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Water retention, also known as fluid retention, refers to an excessive accumulation of fluids in the circulatory system, body tissues, or cavities in the body. »- Medical News Today. Our bodies are mainly composed of water. Water is found in our blood, bones, muscles and organs. While it is true that our body needs water to function, it can sometimes contain too much – this accumulation of fluids in our body is called fluid retentionFluid retention manifests physically, making the body appear abnormally swollen.

In most cases, short-term fluid retention itself is not a serious problem, nor does it cause any serious health dilemma. However, long-term fluid retention can produce unsafe effects on the body. Underlying health conditions that can cause fluid retention as a side effect include liver cirrhosis, heart failure, kidney failure, preeclampsia (a dangerous condition related to pregnancy) and premenstrual syndrome. Liquid retention can be the result of several things. Here are the five main reasons why we retain fluids (and suggestions on what to do).

5 Reasons Why Your Body Withdraws Liquids and How to Avoid It?

1. Diet:

Sodium (that is, salt or table salt) is an essential nutrient that fulfills a number of important functions, but we only need small amounts. Too often, the foods we eat contain excessive amounts of salt, which induces fluid retention and weight gain.

Recommendation: First, know the recommended amount of sodium intake: 2,300 milligrams or less per day, according to the Food and Drug Administration (FDA); this may seem like a lot, but it’s just a teaspoon of salt. Second, limit your salt intake using alternatives, such as herbs and spices. Cumin, dill, garlic, ginger, oregano, onion, sage and pepper are viable options. Lemon juice, mustard and vinegar can also add some flavor without so much salt.

2. Lifestyle:

“Sitting or standing for a prolonged period causes the body tissue to retain fluid”. 

Having a sedentary and inactive lifestyle can also cause fluid retention. Either scenario produces physical symptoms, including swollen ankles and legs.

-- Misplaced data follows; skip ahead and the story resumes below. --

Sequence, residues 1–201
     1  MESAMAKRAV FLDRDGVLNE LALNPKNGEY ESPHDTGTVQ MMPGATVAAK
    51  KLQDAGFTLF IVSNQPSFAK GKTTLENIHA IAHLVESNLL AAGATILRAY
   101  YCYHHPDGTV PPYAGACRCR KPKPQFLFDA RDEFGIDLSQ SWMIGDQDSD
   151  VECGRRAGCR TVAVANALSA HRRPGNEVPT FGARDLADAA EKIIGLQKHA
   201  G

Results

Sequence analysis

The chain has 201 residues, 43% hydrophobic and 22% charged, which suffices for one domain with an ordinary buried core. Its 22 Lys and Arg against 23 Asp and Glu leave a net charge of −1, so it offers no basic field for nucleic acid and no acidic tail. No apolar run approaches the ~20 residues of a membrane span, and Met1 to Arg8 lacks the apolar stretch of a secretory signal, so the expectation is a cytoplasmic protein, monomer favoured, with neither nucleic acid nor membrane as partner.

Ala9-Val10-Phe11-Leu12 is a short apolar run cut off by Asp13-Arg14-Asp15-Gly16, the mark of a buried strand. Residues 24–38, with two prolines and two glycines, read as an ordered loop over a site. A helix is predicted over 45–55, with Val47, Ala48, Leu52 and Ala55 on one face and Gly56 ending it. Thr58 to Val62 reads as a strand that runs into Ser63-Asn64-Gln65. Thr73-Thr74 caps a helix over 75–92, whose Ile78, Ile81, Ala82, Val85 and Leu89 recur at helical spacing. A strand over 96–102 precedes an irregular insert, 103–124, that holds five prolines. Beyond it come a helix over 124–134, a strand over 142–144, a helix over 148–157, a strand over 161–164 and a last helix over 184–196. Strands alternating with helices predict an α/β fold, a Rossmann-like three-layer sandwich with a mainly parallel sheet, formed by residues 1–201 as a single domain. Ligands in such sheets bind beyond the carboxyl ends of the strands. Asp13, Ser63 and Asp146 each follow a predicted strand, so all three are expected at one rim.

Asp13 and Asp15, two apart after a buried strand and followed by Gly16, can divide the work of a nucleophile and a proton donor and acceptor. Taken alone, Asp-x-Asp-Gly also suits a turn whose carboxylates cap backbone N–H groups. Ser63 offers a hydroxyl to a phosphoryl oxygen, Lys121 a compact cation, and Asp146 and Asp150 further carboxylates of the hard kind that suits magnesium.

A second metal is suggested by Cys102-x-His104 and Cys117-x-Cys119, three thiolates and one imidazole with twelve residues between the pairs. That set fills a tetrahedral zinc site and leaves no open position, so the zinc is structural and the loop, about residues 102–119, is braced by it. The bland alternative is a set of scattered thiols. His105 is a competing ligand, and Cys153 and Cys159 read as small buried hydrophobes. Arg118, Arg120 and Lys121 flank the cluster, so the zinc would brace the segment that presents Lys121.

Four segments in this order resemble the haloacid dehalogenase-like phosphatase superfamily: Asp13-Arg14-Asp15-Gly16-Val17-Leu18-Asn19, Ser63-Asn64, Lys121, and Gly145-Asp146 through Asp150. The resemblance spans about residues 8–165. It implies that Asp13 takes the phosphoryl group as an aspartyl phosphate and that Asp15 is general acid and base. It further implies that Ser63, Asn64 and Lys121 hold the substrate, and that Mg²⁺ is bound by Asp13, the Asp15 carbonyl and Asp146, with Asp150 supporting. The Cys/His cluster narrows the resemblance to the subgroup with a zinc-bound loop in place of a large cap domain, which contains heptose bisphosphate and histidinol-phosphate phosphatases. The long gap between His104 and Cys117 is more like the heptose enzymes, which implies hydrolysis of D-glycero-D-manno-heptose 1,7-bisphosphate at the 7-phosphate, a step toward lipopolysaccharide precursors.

Recommendation: It is important to keep the blood circulating throughout the body. If your job requires that you sit at a table all day, use your breaks to get out and move around a bit. Park further away from the building, so you can enjoy a refreshing walk before a long day at work. Climb the stairs instead of using the elevator. Do not be afraid to be creative. If you are inactive, it is important that you first understand the benefits of exercise. You don’t need to train like Jillian Michaels or Gunnar Peterson – try to do 15 to 30 minutes of light to moderate exercise three times a week.

3. Medications:

Many prescription medications list fluid retention as a side effect. Prescription medications known to increase fluid retention include antidepressants, beta blockers, blood pressure medications, chemotherapy medications and over-the-counter NSAIDs (nonsteroidal anti-inflammatory drugs). It is worth paying special attention to non-steroidal anti-inflammatories, since medications are used daily by millions of people to relieve various types of pain. The most common nonsteroidal anti-inflammatory drugs are aspirin (Bayer, Bufferin, Excedrin), ibuprofen (Advil, Motrin) and naproxen (Aleve).

Recommendation: The decrease in medication requires consultation with a doctor. The reason for medical supervision is withdrawal symptoms that are often experienced when the body adapts to lower amounts of the medication. The doctor’s visit may also be recommended if you notice excessive swelling due to nonsteroidal anti-inflammatory drugs or other medications to relieve pain.

4. Hormones:

It is very common for women to experience severe swelling during perimenopause (early menopause) and menopause – which is often a byproduct of “fluid retention, intestinal gas, decreased bile production, or a combination of the three“. The hormones estrogen and progesterone play a significant role in fluid retention. Fluid retention can occur when estrogen levels are too high or when progesterone levels are too low. The hormonal imbalance is the reason why fluid retention is very common during the premenstrual phase.

Recommendation: First, check your diet well and eliminate or reduce foods that appear to cause bloating and gas. If this does not solve the problem, it may be necessary to consult a dietitian, who will probably test for food allergies and intolerances. In rare cases, hormone replacement therapy or hormonal rebalancing under the guidance of an obstetrician / gynecologist may be necessary.

5. Heart Problems:

Fluid retention of a heart condition may be evident in swelling of the legs and abdomen. Although this is certainly a terrifying proposal, it is important to refrain from drawing hasty conclusions. According to WebMD, some common symptoms of heart failure include dizziness, fatigue, rapid heart rate, weakness and shortness of breath.

Recommendation: Consult a doctor immediately. The risk of heart failure increases the longer the medical intervention is delayed. The attending physician may order one or more tests, including blood tests, a chest x-ray, electrocardiogram (ECG), cardiac computed tomography (CT) and / or cardiac magnetic resonance imaging (MRI).



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